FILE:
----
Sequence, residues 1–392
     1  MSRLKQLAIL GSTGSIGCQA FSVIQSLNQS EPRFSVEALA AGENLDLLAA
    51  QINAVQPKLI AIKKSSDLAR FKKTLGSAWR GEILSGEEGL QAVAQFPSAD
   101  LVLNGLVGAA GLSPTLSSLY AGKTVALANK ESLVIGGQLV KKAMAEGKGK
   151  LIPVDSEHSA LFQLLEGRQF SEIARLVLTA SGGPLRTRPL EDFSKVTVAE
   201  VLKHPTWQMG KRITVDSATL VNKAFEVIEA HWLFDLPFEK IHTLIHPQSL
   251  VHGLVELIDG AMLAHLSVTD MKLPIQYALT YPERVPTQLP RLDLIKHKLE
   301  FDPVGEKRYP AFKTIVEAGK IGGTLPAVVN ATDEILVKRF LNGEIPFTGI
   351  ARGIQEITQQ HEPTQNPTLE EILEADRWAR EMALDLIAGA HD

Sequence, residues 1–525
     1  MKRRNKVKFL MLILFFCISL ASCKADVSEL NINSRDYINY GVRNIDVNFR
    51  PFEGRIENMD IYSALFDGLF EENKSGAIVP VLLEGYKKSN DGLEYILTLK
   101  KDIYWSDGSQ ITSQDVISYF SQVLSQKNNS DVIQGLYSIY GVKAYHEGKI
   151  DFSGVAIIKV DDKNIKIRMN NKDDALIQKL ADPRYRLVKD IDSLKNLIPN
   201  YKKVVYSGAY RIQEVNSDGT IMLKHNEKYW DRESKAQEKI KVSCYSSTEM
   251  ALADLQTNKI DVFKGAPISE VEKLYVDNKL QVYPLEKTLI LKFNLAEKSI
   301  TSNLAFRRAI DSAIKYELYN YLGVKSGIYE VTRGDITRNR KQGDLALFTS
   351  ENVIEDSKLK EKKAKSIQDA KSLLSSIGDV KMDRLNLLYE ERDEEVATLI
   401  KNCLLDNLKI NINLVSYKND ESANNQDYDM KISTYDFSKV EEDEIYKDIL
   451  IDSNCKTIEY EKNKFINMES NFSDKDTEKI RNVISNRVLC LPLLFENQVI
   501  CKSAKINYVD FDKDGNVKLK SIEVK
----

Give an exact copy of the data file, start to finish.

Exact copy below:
Sequence, residues 1–392
     1  MSRLKQLAIL GSTGSIGCQA FSVIQSLNQS EPRFSVEALA AGENLDLLAA
    51  QINAVQPKLI AIKKSSDLAR FKKTLGSAWR GEILSGEEGL QAVAQFPSAD
   101  LVLNGLVGAA GLSPTLSSLY AGKTVALANK ESLVIGGQLV KKAMAEGKGK
   151  LIPVDSEHSA LFQLLEGRQF SEIARLVLTA SGGPLRTRPL EDFSKVTVAE
   201  VLKHPTWQMG KRITVDSATL VNKAFEVIEA HWLFDLPFEK IHTLIHPQSL
   251  VHGLVELIDG AMLAHLSVTD MKLPIQYALT YPERVPTQLP RLDLIKHKLE
   301  FDPVGEKRYP AFKTIVEAGK IGGTLPAVVN ATDEILVKRF LNGEIPFTGI
   351  ARGIQEITQQ HEPTQNPTLE EILEADRWAR EMALDLIAGA HD

Sequence, residues 1–525
     1  MKRRNKVKFL MLILFFCISL ASCKADVSEL NINSRDYINY GVRNIDVNFR
    51  PFEGRIENMD IYSALFDGLF EENKSGAIVP VLLEGYKKSN DGLEYILTLK
   101  KDIYWSDGSQ ITSQDVISYF SQVLSQKNNS DVIQGLYSIY GVKAYHEGKI
   151  DFSGVAIIKV DDKNIKIRMN NKDDALIQKL ADPRYRLVKD IDSLKNLIPN
   201  YKKVVYSGAY RIQEVNSDGT IMLKHNEKYW DRESKAQEKI KVSCYSSTEM
   251  ALADLQTNKI DVFKGAPISE VEKLYVDNKL QVYPLEKTLI LKFNLAEKSI
   301  TSNLAFRRAI DSAIKYELYN YLGVKSGIYE VTRGDITRNR KQGDLALFTS
   351  ENVIEDSKLK EKKAKSIQDA KSLLSSIGDV KMDRLNLLYE ERDEEVATLI
   401  KNCLLDNLKI NINLVSYKND ESANNQDYDM KISTYDFSKV EEDEIYKDIL
   451  IDSNCKTIEY EKNKFINMES NFSDKDTEKI RNVISNRVLC LPLLFENQVI
   501  CKSAKINYVD FDKDGNVKLK SIEVK